Toyohara Kunichika (1835-1900) Newly Woven Brocades: Musashi Beauties; Beauty at Window, 1883. Oban.
A very nice print indeed. Amy Reigle Newland, in her monograph Time Past and Time Present, Images of a Forgotten Master, Hotei Publishing 1999 illustrates several prints from this series. Aside from being an accomplished, indeed the leading, actor portraitist, Kunichika was a leading illustrator of women, and an innovator in that field. Classical, passive images of women from the eighteenth century had in fact given way to much more positive, urban images of women in real situations. Kunichika expanded on this by showing women in strong historical roles - as in Thirty-six Good and Evil Women from 1876 - and by showing contemporary townswomen in day to day activities, as in this series and others. In this way, Kunichika was hugely influential on Yoshitoshi who followed these groundbreaking prints with his own series such as Thirty-Two Aspects of Customs and Manners in 1888.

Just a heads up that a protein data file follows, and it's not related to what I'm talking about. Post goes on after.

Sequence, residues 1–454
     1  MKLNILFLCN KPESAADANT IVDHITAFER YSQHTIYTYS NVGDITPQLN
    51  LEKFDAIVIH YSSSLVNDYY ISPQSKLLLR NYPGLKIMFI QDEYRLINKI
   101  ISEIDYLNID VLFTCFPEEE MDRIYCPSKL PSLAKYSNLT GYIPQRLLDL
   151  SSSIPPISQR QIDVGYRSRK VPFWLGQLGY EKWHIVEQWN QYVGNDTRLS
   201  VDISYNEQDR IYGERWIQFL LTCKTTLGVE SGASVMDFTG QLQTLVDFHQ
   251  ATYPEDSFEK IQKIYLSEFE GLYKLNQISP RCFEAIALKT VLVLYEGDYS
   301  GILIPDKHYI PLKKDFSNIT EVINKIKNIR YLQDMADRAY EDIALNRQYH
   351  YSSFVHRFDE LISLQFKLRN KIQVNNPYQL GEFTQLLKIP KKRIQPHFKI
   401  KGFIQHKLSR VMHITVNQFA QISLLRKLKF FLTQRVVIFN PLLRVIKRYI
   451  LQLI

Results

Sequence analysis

In this series, the 'brocades' of the title refer to the richness of the successful multi-coloured printing that the publishers were now able to produce. These deluxe, sophisticated prints were widely known as 'brocade prints' (nishiki-e). The 'Musashi' of the same title, refers to the Musashi Plain that Edo is built on, (modern Tokyo). 'Musashi' was a term widely used in eighteenth century poetry and became synonymous with the romantic and self-regarding aspects of Edo life.
In this print, a modern Edo girl is lifting the elaborate lid of a make up jar; behind her lies a rural scene - the plain of the title.
A nice print, from an important series, backed. Colour and impression are excellent, condition is good.
Published by Komiyama Shohei.
23cm x 35cm.